Well, it happened again. In working with a two-generational family, the issue of taxes and personal values came up. Although there was a little bit of conflict, the real issue was confusion: â€œWhat should I do?â€ And the confusion was caused by an advisorâ€™s sole focus on reducing taxes, rather than hearing the real desire of the client. The matriarch
Yes, the title reads somewhat like a National Enquirer headline, but itâ€™s true â€“ focusing solely on avoiding taxes (whether capital gains tax, income tax, or estate taxes) can lead to family conflicts. This past week I had the opportunity to meet with a family, to review their wealth transfer plan and their plans for giving to charity. As is
This past Sunday, one of the lead articles in Parade magazine (the magazine inserted into millions of Sunday newspapers) was on emotional intelligence. The article was written by Daniel Goleman, who is one of the â€œfounding fathersâ€ of the concept of emotional intelligence and who has written groundbreaking books on the subject (I personally have found Working with Emotional Intelligence
Given the time of year â€“ early fall, with classes starting up at many colleges and universities â€“ it is time for the media blitz on â€œthe college questionâ€. Different media sources frame the question in different ways. Foxnews.com has had a series recently on the topic, including â€œIs college worth the money?â€ and â€œChoosing a College: Liberal Arts vs.
One of the biggest headaches for employers and managers is the process of finding new employees. Employee hiring takes a lot of time and emotional energy and most managers are not trained in the process. Add to this scenario the fact that there is a shortage of quality employees in a number of fields. For example, in a recent article
â€œFamily coachâ€ is a relatively new term â€“ and a new field. There are maybe 10-20 of us in the United States. There are a lot of business consultants, and even a lot of family business consultants who assist the owners and managers of family owned businesses. But most consultants focus on the business side, because that is their professional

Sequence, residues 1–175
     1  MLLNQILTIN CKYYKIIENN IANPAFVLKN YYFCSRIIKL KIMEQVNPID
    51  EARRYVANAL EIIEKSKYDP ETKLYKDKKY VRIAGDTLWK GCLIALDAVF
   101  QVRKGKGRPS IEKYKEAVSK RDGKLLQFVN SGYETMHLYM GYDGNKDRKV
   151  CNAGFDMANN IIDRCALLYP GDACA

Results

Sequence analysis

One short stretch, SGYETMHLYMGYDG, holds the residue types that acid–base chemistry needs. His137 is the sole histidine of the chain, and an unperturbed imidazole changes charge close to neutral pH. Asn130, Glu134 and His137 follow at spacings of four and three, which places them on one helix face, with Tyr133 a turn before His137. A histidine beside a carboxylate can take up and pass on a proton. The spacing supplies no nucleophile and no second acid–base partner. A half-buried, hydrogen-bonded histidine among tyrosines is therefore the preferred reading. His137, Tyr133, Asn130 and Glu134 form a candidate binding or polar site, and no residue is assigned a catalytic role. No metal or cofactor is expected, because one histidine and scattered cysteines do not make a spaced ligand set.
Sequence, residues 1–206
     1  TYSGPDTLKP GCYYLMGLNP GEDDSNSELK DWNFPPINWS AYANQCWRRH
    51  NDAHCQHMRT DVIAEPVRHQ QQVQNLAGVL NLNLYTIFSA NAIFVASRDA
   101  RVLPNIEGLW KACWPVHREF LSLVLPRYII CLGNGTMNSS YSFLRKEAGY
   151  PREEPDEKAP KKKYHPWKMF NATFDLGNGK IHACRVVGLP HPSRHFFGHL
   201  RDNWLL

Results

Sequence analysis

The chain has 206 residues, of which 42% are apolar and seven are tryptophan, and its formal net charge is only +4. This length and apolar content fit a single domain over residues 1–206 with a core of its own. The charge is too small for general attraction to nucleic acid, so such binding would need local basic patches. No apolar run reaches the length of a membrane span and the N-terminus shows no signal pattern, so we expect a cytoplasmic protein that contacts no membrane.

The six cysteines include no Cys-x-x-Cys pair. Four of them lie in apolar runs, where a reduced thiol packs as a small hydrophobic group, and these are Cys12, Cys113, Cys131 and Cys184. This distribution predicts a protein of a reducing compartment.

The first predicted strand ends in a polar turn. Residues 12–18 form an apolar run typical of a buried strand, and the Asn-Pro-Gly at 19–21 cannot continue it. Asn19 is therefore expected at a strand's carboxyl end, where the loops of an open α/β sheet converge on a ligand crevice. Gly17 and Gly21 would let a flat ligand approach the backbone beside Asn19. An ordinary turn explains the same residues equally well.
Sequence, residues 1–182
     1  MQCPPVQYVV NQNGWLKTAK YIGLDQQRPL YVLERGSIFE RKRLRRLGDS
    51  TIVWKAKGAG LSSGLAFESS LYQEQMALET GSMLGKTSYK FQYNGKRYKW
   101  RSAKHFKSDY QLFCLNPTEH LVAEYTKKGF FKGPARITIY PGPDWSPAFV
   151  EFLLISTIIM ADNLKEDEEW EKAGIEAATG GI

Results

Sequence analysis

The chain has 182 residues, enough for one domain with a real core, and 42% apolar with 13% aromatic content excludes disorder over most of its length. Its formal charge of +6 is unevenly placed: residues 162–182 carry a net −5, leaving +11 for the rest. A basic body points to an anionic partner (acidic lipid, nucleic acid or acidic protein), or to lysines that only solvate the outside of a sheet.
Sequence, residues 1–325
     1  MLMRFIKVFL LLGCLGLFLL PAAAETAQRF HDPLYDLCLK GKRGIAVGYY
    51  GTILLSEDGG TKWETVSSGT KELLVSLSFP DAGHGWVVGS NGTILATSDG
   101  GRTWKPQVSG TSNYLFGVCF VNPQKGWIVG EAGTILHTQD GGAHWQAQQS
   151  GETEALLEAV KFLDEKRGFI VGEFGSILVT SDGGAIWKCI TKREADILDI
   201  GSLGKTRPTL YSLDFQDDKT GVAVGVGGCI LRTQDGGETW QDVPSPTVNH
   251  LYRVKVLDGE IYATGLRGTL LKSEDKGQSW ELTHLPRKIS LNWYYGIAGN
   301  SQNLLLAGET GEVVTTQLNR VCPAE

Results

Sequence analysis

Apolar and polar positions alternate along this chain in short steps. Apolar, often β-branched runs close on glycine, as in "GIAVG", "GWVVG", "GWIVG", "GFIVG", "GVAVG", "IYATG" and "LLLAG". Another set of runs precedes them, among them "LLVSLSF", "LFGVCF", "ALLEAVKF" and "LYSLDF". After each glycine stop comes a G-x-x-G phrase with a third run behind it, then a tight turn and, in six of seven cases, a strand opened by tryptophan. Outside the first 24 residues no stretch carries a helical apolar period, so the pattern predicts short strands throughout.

In my work with families across the country, most of them significantly wealthy families, one issue I continually address is the challenge of career development and college choice for young adults. Globalization, as Thomas Friedman has shown in his book The World is Flat, is a huge factor affecting career choices today (www.thomaslfriedman.com). â€œThe great irony is that children from
In this month’s (August 2006) edition of Worth magazine, there are a number of articles which deal with the challenge of successfully transferring wealth to the succeeding generations. This is an area which I focus upon professionally — helping financially successful families figure out “how much” to leave to their heirs, and how to do so in a healthy way.
One of the most common themes I have seen in relationships between older adults and their children (who are now adults themselves) is how the kids (although they are 25, 30, even 40 and beyond) still act like “kids”. And part of this is because their parents continue to come to their rescue when their children make poor choices. Parents
The dynamics between parents and their kids changes as both get older — this is true when children move from toddlers to school-age to teens and beyond. It is especially true when they become adults. Here are some new skills needed in these adult-adult relationships (from article, “The New Generation Gap” in the July edition of Worth). To a great